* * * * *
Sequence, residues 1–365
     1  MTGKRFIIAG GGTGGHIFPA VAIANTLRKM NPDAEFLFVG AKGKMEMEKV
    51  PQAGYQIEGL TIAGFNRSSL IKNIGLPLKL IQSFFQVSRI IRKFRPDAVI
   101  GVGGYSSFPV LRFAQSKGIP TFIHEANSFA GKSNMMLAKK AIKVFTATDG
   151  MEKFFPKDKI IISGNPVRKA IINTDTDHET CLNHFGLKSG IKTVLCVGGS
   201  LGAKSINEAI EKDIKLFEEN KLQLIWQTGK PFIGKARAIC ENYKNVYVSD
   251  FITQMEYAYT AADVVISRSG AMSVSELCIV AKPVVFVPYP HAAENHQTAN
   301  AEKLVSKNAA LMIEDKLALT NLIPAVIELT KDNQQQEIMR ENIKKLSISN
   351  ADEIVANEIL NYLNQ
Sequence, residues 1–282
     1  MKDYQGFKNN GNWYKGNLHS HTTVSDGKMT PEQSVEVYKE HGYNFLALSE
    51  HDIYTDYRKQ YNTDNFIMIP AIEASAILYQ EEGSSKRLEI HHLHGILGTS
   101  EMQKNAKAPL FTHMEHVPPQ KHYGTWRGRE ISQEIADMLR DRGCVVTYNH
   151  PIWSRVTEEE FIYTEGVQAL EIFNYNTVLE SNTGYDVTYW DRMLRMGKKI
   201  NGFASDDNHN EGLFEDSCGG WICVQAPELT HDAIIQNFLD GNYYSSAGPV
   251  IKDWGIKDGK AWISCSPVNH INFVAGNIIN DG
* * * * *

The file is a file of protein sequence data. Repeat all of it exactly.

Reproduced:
Sequence, residues 1–365
     1  MTGKRFIIAG GGTGGHIFPA VAIANTLRKM NPDAEFLFVG AKGKMEMEKV
    51  PQAGYQIEGL TIAGFNRSSL IKNIGLPLKL IQSFFQVSRI IRKFRPDAVI
   101  GVGGYSSFPV LRFAQSKGIP TFIHEANSFA GKSNMMLAKK AIKVFTATDG
   151  MEKFFPKDKI IISGNPVRKA IINTDTDHET CLNHFGLKSG IKTVLCVGGS
   201  LGAKSINEAI EKDIKLFEEN KLQLIWQTGK PFIGKARAIC ENYKNVYVSD
   251  FITQMEYAYT AADVVISRSG AMSVSELCIV AKPVVFVPYP HAAENHQTAN
   301  AEKLVSKNAA LMIEDKLALT NLIPAVIELT KDNQQQEIMR ENIKKLSISN
   351  ADEIVANEIL NYLNQ
Sequence, residues 1–282
     1  MKDYQGFKNN GNWYKGNLHS HTTVSDGKMT PEQSVEVYKE HGYNFLALSE
    51  HDIYTDYRKQ YNTDNFIMIP AIEASAILYQ EEGSSKRLEI HHLHGILGTS
   101  EMQKNAKAPL FTHMEHVPPQ KHYGTWRGRE ISQEIADMLR DRGCVVTYNH
   151  PIWSRVTEEE FIYTEGVQAL EIFNYNTVLE SNTGYDVTYW DRMLRMGKKI
   201  NGFASDDNHN EGLFEDSCGG WICVQAPELT HDAIIQNFLD GNYYSSAGPV
   251  IKDWGIKDGK AWISCSPVNH INFVAGNIIN DG